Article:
If I was given a pound every time that someone said that their new Will would be “a simple one” or that their existing Will only needed “a tweak” I'd be rich. In many cases that's true but often it is not. ...
For every headline-grabbing 'big money' divorce case there are hundreds of others where a former couple's assets are simply insufficient to meet their reasonable needs. As a High Court ruling showed, judges take a gender-neutral approach to such cases, striving to achieve the fairest possible outcome.
The case concerned a couple whose marriage, at least on paper, lasted for about 18 years. For all but six of those years, however, they were married in name only. The marriage had, in effect, been over for well over a decade by the time the wife launched proceedings, seeking financial provision from the husband.
The wife, who was disabled and in need of care, lived with the teenage child of the marriage in private rented accommodation that she could barely afford. Dependent on benefits, her finances were extremely tight. The husband, who was approaching retirement age, lived in his own, mortgage-free home – which was worth about £410,000 – but had debts and only a modest pension and savings.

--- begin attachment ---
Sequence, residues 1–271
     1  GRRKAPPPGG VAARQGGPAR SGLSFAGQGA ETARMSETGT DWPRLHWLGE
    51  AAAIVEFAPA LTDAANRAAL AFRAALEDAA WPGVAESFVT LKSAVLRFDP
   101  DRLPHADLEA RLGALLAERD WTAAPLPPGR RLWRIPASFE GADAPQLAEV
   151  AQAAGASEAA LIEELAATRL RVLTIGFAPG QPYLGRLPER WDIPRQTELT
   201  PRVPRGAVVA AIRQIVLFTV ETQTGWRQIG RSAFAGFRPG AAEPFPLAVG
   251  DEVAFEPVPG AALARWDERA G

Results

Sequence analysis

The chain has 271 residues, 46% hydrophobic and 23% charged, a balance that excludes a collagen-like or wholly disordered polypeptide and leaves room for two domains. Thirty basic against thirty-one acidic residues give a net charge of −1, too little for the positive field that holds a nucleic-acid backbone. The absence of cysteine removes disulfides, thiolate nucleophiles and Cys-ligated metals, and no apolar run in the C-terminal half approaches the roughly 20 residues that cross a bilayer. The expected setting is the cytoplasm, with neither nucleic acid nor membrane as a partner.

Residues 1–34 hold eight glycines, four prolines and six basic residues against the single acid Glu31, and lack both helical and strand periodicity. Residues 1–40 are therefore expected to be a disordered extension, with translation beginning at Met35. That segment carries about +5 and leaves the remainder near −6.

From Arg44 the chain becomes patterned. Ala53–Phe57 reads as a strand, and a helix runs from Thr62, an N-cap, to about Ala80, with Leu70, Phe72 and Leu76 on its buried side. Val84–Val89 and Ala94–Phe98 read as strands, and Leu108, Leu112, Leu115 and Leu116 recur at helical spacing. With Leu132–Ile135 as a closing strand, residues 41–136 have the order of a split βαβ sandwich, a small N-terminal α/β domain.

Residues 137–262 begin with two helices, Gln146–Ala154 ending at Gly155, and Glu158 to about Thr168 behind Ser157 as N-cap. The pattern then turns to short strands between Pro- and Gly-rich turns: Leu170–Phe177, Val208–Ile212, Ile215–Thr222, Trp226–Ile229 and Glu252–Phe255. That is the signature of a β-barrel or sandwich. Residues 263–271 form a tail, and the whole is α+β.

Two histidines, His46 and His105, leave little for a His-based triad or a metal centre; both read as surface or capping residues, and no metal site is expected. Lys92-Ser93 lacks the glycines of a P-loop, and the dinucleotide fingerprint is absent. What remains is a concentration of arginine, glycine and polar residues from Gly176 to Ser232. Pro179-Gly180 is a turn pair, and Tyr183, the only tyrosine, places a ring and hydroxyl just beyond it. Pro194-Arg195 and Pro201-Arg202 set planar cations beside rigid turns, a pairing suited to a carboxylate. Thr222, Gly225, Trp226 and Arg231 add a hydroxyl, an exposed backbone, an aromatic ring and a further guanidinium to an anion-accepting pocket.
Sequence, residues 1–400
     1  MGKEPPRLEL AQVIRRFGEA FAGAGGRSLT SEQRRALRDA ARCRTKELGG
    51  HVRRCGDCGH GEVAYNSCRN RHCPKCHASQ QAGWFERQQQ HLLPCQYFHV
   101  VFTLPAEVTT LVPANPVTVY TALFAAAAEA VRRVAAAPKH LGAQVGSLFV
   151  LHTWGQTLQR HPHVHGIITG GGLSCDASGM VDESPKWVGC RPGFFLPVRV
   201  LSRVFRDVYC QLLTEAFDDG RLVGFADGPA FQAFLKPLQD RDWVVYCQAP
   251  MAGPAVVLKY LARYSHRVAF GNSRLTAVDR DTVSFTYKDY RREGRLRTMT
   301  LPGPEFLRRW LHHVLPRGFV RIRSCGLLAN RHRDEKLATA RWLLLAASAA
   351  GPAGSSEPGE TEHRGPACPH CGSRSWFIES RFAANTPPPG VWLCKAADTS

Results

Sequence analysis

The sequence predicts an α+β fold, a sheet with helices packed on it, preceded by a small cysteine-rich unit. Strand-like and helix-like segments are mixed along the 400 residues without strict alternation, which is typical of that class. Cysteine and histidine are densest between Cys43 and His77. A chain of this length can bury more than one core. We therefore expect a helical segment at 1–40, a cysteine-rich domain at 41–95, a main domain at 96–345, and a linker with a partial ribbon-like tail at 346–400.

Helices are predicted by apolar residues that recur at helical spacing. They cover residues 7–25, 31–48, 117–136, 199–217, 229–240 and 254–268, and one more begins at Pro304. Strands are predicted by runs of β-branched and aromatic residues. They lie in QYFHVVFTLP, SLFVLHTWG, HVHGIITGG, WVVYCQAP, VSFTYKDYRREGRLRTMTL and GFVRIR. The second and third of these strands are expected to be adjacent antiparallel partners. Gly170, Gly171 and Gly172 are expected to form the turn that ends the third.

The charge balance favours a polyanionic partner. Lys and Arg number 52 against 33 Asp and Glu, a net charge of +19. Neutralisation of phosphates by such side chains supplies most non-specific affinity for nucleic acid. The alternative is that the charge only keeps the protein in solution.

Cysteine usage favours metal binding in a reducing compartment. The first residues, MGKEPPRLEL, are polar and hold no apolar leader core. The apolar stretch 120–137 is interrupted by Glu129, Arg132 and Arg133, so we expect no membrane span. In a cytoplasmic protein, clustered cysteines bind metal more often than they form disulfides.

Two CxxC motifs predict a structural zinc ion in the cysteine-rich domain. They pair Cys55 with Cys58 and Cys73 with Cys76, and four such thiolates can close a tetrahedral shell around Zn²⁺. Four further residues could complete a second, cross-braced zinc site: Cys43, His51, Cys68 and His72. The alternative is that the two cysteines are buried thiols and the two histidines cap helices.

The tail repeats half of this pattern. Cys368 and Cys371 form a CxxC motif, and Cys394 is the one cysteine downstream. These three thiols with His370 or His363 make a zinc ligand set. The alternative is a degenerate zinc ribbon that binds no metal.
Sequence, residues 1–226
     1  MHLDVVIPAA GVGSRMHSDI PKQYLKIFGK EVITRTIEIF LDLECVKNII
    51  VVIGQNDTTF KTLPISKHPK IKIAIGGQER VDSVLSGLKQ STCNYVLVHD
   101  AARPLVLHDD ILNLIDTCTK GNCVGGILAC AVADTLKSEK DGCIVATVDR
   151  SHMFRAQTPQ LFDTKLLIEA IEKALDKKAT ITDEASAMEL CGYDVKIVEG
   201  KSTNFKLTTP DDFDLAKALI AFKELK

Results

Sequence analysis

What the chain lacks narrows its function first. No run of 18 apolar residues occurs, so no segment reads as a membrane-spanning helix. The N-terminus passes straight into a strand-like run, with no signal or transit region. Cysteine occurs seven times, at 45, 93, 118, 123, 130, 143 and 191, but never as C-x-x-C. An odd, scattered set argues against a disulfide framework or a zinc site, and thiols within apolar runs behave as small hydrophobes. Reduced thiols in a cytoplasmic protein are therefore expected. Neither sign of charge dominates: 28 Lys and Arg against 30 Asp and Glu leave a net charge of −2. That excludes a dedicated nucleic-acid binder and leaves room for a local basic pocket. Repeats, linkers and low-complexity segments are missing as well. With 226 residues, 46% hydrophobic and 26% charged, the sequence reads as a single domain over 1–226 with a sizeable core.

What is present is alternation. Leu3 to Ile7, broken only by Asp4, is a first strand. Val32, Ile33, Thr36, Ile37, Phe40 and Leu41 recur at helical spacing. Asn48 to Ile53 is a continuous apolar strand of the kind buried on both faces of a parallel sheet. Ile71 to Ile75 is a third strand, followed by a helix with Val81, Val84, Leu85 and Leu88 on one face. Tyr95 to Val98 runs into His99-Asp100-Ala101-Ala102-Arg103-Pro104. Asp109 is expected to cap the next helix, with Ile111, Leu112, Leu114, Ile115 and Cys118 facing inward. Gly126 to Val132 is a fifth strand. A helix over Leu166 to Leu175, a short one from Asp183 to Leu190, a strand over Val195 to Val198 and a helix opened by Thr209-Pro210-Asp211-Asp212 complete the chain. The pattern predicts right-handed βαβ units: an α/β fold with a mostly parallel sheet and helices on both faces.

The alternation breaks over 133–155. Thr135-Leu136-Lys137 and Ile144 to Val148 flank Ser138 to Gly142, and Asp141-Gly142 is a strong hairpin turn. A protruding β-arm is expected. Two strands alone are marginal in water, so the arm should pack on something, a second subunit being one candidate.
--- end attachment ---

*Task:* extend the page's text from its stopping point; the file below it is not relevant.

The wife's initial proposal was that the husband's home should be sold and that she should receive around three quarters of the proceeds so that she could rehouse herself and the child. In ruling on the matter, however, a judge found that proposal quite unrealistic in that the husband would be rendered homeless. He instead ordered the husband to make a lump-sum payment of £58,000 to the wife.
Dismissing the wife's appeal against that outcome, the Court noted that neither of their financial positions made for happy reading. The husband's home had been paid for largely with inherited money and was thus not a matrimonial asset. Even were it sold and the proceeds divided, in whatever proportion, there would be insufficient funds to rehouse either, let alone both, of them.
Although the wife was the child's primary carer, the marriage had ended many years ago and she and the husband had long been financially independent of each other. Taking into account his debts, the lump sum was about the maximum that the husband could raise without having to sell his home. Although the wife would not have the security of owning a home, she would have a significant lump sum that she could use as she wished. Overall, the judge had taken an entirely justified, gender-neutral approach to assessing their respective needs.
The Court noted that, in a case where assets were insufficient to meet reasonable needs, it was a great credit to lawyers on both sides that the legal costs of the proceedings were not ruinous. They were to be congratulated on the sensible and economic way in which the matter had been litigated.